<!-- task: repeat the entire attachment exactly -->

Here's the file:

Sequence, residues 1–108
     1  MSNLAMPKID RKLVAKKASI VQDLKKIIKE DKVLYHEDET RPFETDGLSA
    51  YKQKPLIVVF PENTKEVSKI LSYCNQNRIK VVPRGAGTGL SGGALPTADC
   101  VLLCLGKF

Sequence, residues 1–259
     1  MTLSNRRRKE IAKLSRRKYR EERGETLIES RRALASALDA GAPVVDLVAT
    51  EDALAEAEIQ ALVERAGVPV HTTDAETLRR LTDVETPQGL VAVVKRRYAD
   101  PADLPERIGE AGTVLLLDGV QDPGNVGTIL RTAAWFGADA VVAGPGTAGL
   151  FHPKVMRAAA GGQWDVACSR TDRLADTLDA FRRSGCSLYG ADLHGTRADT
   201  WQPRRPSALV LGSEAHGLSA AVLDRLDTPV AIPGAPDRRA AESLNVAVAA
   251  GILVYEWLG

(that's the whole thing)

Sequence, residues 1–108
     1  MSNLAMPKID RKLVAKKASI VQDLKKIIKE DKVLYHEDET RPFETDGLSA
    51  YKQKPLIVVF PENTKEVSKI LSYCNQNRIK VVPRGAGTGL SGGALPTADC
   101  VLLCLGKF

Sequence, residues 1–259
     1  MTLSNRRRKE IAKLSRRKYR EERGETLIES RRALASALDA GAPVVDLVAT
    51  EDALAEAEIQ ALVERAGVPV HTTDAETLRR LTDVETPQGL VAVVKRRYAD
   101  PADLPERIGE AGTVLLLDGV QDPGNVGTIL RTAAWFGADA VVAGPGTAGL
   151  FHPKVMRAAA GGQWDVACSR TDRLADTLDA FRRSGCSLYG ADLHGTRADT
   201  WQPRRPSALV LGSEAHGLSA AVLDRLDTPV AIPGAPDRRA AESLNVAVAA
   251  GILVYEWLG